Figures from Johannesburg stock exchange operator JSE Ltd show that foreign investors ditched South African assets at the fastest rate in two years last week. Offshore investors were the net seller of ZAR 10.7 Bn of the country’s equities in five days to October 4th. That was the heaviest week of outflows since September 2017.
South African stocks fell 5.8 percent in the three months to the end of September, their worst third-quarter performance since 2011.
Prolonged trade war and a weak economy have had huge negative effects on South African equities. Business confidence in the Southern African country also has been greatly affected by the ailing economy.
The crippling financial and operational situation of state-owned enterprises like Eskom, SABC, SAA has continued to pose a huge threat to South Africa’s economic prospects given that it is hurting the fiscus. The loss-making state-owned enterprises (SOEs) who have been given numerous bailouts by government and which continue to have ripple effects in the country’s economy.
The economic crisis currently experienced in South Africa has been attributed to economic mismanagement shaped by the looting of state-owned enterprises, a scenario which has seen investor confidence remain low.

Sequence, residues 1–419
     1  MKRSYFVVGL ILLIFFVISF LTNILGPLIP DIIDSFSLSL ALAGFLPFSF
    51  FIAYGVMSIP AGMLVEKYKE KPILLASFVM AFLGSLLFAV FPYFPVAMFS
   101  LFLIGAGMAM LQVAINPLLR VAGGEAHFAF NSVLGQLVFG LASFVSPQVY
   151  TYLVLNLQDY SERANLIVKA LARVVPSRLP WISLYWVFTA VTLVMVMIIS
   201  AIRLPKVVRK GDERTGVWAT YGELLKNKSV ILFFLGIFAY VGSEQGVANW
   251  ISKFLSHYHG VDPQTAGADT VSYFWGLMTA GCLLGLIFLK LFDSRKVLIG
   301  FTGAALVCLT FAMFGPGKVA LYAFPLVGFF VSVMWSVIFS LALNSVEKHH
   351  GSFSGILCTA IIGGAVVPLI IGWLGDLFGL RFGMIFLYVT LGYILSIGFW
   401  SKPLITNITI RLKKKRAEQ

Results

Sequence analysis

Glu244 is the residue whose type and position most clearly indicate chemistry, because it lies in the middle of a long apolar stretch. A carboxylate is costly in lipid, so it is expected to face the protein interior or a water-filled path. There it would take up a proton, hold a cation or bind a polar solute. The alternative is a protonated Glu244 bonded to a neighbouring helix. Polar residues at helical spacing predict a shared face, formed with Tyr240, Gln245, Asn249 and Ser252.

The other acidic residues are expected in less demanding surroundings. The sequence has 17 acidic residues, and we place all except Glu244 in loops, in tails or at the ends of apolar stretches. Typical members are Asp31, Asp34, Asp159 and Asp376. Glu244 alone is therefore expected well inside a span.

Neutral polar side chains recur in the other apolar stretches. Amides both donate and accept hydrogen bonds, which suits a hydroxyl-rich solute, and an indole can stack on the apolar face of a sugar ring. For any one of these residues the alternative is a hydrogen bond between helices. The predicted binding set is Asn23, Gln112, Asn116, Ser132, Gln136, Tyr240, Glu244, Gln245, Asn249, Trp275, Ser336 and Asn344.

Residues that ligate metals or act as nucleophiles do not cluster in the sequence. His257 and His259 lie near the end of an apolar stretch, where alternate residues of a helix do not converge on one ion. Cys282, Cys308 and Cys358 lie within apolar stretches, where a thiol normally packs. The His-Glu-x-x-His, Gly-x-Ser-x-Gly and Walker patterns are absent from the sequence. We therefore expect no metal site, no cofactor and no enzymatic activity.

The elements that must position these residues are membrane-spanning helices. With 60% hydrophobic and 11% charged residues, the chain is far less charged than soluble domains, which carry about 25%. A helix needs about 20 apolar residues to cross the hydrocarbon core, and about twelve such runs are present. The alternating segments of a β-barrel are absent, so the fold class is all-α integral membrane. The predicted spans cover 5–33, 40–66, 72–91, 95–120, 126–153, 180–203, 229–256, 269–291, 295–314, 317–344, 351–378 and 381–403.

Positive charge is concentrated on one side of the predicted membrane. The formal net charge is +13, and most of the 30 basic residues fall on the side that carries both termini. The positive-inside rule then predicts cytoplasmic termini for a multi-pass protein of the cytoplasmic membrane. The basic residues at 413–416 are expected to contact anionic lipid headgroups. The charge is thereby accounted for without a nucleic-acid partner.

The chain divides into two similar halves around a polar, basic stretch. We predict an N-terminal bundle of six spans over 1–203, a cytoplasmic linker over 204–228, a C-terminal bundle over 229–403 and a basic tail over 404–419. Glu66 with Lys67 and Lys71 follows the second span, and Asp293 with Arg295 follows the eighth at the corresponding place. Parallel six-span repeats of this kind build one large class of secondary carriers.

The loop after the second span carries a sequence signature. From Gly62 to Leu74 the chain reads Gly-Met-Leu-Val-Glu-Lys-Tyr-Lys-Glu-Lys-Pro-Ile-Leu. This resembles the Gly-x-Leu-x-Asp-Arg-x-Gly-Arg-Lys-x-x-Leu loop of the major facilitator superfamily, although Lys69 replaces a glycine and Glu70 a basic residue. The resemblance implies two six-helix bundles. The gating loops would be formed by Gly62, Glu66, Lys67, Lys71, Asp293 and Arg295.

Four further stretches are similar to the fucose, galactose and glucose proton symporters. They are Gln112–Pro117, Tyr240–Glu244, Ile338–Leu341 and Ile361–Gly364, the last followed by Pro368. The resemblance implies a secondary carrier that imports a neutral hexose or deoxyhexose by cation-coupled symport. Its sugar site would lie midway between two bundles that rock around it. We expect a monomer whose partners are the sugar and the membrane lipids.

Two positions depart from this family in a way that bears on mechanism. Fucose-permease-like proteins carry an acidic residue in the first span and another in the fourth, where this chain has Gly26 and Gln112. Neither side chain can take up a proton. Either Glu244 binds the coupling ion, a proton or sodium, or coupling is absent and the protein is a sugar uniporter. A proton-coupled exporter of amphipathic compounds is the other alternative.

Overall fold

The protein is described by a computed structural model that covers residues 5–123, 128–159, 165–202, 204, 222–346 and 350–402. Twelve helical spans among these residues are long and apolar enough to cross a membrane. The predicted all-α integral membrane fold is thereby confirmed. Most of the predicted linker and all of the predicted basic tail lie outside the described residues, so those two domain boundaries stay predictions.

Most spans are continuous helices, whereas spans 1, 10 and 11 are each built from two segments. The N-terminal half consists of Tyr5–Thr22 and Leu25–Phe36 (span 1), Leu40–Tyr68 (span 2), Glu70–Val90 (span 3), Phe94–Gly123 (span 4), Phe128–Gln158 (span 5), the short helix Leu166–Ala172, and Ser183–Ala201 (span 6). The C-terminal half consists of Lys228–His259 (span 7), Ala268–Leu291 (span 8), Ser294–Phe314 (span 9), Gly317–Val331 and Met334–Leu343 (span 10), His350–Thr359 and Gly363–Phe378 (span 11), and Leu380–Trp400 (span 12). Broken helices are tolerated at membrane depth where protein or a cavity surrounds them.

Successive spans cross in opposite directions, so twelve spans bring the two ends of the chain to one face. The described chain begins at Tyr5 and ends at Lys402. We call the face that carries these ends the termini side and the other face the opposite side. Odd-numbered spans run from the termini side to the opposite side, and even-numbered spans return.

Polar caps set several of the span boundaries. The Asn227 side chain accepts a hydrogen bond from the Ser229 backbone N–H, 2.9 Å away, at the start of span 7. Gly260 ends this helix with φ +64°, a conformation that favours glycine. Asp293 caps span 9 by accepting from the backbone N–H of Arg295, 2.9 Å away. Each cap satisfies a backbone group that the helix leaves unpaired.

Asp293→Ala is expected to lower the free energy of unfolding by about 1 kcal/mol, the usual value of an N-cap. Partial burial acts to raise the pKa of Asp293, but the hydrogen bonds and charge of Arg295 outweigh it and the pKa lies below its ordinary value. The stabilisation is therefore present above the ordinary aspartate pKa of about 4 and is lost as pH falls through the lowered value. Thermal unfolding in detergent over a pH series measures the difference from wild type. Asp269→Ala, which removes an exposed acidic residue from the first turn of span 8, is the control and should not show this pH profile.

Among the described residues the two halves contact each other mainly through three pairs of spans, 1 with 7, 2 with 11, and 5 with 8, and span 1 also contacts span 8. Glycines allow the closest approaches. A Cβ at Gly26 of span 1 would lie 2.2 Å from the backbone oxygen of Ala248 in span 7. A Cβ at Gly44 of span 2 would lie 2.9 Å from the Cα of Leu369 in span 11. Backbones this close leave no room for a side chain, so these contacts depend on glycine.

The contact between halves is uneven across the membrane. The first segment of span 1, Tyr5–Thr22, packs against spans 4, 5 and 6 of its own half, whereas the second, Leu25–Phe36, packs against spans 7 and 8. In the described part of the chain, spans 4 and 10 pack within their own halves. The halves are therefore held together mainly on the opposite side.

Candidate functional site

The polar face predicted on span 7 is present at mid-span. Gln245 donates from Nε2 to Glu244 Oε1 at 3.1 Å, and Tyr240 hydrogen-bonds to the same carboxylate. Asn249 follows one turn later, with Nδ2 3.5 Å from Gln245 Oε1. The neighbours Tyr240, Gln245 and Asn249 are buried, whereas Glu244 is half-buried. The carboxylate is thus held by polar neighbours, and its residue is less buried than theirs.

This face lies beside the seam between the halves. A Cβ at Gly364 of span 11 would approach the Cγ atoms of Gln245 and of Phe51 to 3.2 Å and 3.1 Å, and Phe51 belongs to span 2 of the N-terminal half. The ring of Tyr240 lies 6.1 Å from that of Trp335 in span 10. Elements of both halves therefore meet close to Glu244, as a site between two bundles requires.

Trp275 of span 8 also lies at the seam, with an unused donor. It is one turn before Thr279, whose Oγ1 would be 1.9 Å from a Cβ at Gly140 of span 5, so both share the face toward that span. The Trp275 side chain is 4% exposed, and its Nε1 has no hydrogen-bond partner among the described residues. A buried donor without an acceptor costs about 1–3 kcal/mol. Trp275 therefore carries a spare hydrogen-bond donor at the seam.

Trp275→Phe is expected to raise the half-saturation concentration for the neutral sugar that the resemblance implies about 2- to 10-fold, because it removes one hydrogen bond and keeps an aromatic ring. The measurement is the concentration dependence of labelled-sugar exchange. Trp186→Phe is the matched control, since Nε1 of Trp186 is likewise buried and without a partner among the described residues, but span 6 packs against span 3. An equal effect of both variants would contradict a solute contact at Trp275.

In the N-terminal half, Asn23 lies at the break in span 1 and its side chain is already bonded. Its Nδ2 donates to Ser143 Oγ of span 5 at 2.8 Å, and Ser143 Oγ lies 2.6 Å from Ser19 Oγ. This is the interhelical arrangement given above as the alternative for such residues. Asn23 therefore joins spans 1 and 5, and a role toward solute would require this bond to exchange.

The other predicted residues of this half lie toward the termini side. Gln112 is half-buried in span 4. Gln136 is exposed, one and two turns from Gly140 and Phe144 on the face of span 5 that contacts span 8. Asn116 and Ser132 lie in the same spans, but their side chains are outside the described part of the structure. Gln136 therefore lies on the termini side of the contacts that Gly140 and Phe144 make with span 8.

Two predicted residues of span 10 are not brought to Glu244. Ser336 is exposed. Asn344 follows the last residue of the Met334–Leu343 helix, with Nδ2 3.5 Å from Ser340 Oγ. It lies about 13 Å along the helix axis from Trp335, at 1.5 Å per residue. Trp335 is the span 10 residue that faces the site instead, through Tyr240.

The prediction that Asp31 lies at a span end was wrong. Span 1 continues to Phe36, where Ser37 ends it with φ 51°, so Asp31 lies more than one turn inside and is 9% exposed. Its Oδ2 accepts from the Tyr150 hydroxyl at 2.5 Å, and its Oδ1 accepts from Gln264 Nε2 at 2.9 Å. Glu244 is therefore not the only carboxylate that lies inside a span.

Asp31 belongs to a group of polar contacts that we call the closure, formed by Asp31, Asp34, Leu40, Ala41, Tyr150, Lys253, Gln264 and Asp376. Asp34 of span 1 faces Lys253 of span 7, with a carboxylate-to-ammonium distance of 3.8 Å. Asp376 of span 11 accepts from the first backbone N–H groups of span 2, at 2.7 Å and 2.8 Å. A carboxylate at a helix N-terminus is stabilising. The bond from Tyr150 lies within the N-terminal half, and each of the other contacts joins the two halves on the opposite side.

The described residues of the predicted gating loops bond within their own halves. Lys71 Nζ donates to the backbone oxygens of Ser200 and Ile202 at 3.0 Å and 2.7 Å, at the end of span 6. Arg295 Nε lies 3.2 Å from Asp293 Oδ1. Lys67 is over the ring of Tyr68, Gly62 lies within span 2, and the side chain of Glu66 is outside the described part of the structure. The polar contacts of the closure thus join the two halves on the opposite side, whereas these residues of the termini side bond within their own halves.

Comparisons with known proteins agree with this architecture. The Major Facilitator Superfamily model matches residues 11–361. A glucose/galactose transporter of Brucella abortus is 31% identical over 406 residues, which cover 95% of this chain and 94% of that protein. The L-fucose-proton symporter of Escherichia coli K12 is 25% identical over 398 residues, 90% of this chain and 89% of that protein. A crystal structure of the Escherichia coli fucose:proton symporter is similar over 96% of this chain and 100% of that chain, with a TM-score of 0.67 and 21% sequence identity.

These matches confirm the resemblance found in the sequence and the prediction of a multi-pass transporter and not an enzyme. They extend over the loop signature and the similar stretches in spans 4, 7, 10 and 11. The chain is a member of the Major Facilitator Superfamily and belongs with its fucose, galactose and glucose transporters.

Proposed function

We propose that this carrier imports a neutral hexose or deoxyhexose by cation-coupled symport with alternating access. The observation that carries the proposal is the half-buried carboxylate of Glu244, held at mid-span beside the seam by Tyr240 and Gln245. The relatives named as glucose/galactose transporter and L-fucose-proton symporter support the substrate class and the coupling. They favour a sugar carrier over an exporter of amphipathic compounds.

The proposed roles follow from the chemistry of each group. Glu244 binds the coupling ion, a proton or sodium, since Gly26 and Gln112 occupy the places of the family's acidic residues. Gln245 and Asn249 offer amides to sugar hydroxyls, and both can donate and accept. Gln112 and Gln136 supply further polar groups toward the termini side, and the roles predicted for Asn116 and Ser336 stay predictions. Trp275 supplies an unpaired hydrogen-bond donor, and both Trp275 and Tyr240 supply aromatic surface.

Economists have cautioned that investor confidence will begin to be restored, recovery restarted and rating downgrades reversed once the SOEs are dealt with.
The unemployment rate in the country known to Africa’s most industrialized rose to 11-year high with the most affected sectors being mining, construction, and banking which saw many people being laid off, a scenario which depicted little or no prospects for the economy’s growth.
Also, the initial trust that President Cyril Ramaphosa would revive the economy has declined, leaving South Africa’s business community as well as investors less optimistic.
“The high level of optimism that existed immediately after the election of President Ramaphosa, is being affected by indications that the ruling party is divided on policy, political and factional lines,” South African Chamber of Commerce and Industry said in a statement earlier.
Not forgetting the recent Xenophobic attacks in South Africa which left scores of foreign-owned shops looted and torched.
South Africa just like other economies in the continent rely on foreign direct investment to support and expand their economies, the recent wave of attacks, however, led to low investor confidence since the situation chased some investors.
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